Wednesday, December 29, 2004

Trading vs. Poker

Many poker players come from trading backgrounds - Chris Ferguson, Alan Goehring, Erik Seidel to name but a few. For those interested, following is a list I compiled comparing a trade to a hand of poker.

Similarities between a trade and a hand of poker

(1) The outcome of each is uncertain.

(2) Both are zero sum games, ignoring commissions, rake etc. (Assume futures)

(3) At any time, a trader may elect to stay out of the market, and a player may elect to stay out of a hand, at no cost. (Blinds, antes, like software and DSL costs, are assumed to be running expenses. Or alternatively, the player may elect to leave the table.)

(4) It is possible for both trader and player to benefit from information gleaned about his opponents.

Differences between a trade and a hand of poker

(1) In a trade, the opponents and their numbers are unknown. In a hand of poker, the opponents and their numbers are known.

(2) Once a trade is initiated, a trader can do nothing more to influence the outcome of that particular trade, unlike a player who, because of the betting structure, may influence the actions of other players and hence the outcome of the hand.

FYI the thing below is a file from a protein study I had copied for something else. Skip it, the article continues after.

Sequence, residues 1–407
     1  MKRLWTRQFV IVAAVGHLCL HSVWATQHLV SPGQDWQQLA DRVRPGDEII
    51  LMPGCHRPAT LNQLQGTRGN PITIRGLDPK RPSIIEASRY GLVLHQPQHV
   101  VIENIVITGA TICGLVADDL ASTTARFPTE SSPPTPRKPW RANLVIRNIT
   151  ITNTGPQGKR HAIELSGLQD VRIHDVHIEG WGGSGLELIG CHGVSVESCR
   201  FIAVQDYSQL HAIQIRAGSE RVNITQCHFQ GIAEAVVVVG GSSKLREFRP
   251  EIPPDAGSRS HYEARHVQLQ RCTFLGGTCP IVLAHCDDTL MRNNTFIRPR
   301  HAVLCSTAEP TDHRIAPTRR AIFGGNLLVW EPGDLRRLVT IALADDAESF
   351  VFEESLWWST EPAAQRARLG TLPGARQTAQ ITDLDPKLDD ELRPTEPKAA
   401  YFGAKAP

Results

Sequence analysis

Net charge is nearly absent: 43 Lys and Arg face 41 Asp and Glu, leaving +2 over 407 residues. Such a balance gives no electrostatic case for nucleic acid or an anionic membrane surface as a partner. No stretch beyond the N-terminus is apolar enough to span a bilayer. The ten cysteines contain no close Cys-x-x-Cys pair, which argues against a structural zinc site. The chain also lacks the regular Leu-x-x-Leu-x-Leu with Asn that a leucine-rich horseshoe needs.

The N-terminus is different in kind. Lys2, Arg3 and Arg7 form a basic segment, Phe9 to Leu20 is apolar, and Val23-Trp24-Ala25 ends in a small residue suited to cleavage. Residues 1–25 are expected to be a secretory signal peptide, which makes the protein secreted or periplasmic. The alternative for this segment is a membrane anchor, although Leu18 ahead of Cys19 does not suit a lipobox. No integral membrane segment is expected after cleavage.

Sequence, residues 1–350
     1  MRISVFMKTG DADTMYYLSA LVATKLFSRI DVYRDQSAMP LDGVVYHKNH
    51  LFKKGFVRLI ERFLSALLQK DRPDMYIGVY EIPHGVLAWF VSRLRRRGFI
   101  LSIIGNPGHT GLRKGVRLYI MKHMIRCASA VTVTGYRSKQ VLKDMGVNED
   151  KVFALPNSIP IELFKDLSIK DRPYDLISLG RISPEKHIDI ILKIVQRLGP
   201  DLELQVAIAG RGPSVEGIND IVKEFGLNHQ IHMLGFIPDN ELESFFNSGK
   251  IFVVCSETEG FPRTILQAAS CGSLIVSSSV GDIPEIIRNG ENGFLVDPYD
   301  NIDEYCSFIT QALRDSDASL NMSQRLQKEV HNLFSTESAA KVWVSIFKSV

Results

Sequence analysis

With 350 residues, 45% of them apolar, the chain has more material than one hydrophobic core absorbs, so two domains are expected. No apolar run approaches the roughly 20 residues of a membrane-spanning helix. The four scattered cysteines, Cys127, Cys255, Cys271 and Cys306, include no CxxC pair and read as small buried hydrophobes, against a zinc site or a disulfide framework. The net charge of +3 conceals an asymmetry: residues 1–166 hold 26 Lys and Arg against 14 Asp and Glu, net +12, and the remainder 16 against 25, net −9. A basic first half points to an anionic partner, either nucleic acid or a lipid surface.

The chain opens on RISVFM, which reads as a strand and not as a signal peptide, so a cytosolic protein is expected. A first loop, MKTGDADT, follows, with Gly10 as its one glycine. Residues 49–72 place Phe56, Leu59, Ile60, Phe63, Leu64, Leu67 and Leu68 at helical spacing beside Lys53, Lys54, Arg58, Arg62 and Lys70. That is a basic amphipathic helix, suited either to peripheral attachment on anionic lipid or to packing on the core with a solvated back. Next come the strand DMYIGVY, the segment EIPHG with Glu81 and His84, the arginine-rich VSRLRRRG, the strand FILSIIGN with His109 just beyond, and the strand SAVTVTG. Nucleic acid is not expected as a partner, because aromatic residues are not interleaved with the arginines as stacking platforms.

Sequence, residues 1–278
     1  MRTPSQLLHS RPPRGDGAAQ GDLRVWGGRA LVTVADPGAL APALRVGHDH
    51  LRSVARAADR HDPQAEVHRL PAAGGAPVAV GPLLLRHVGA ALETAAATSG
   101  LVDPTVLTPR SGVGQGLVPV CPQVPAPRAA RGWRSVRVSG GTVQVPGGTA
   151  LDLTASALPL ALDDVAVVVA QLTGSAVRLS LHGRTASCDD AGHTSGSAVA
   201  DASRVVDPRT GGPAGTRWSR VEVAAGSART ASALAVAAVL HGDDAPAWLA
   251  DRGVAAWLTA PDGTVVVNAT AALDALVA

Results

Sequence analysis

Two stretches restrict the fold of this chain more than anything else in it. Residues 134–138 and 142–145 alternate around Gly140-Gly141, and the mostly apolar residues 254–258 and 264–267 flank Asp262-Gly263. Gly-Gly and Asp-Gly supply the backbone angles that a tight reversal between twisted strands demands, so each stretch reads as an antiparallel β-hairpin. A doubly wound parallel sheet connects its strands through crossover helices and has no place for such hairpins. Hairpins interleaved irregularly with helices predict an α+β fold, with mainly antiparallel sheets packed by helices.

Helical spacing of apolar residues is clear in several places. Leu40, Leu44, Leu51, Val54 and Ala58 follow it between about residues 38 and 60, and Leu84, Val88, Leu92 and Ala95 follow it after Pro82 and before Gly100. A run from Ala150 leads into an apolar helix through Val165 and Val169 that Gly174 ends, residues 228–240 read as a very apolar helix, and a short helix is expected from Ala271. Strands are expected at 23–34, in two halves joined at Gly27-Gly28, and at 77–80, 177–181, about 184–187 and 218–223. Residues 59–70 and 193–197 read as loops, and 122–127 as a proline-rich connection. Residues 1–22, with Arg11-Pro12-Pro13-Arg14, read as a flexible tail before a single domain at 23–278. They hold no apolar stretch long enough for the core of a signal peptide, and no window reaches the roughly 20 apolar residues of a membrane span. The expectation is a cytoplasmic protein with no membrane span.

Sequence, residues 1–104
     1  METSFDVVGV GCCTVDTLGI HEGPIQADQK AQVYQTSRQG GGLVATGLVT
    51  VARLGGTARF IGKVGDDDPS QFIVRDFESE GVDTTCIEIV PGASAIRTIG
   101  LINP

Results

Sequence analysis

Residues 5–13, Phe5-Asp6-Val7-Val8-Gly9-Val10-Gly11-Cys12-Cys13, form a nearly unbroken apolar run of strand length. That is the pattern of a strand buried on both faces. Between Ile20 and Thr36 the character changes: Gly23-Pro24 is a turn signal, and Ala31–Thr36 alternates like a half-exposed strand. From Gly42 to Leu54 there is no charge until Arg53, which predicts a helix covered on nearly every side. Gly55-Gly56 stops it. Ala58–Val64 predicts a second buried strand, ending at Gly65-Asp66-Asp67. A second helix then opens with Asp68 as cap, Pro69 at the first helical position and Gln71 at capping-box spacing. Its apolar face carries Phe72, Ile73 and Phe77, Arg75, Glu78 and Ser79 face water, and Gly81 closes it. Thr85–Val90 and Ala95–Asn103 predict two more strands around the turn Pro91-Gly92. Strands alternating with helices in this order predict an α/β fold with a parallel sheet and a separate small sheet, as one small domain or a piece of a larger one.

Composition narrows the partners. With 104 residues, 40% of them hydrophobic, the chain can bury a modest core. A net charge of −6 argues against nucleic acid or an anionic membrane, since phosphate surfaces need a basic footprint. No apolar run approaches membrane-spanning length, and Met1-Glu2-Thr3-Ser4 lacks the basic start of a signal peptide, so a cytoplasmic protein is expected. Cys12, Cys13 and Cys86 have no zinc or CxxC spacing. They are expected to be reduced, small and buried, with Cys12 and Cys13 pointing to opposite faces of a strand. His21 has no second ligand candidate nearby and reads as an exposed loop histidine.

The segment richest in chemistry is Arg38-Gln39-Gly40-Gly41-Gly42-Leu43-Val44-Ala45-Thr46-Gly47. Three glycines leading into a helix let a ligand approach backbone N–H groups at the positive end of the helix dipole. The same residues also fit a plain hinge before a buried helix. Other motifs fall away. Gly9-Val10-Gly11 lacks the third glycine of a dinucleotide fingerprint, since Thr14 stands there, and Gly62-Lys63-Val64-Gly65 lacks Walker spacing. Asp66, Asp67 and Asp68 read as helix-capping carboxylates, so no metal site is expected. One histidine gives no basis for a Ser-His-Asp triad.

(3) A trade, once initiated, may be closed out at any time only by the trader. A hand of poker, once initiated, may be prematurely completed by the action of the player eg. he folds, or by the action of others eg. everyone else folds.

(4) Unlike a trade, a hand of poker has a fixed, predefined length.

(5) A trade may be "prematurely" closed for either a profit or loss by the trader. A player can only prematurely complete a hand for a loss.

(6) At all times during a trade, the P&L is uniquely and unambiguously defined. At all times during a hand, the player's equity in the pot can only be subjectively estimated using incomplete information (in most instances).

(7) As a corollary to (6) above, the intra-trade equity curve is generally smooth and continuous, while the intra-hand equity curve is jumpy and discrete.

(8) As a corollary to (7) above, a player will encounter many "bad beats" with their accompanying psychological pain. A trader will rarely see profits snatched away from him so suddenly; his pain is of a more gradually built-up nature.

(9) A trader may predefine profit target and stop loss. A player will have different losses and profits depending on the particular hand. In fact optimal play negates the notion of a stop loss.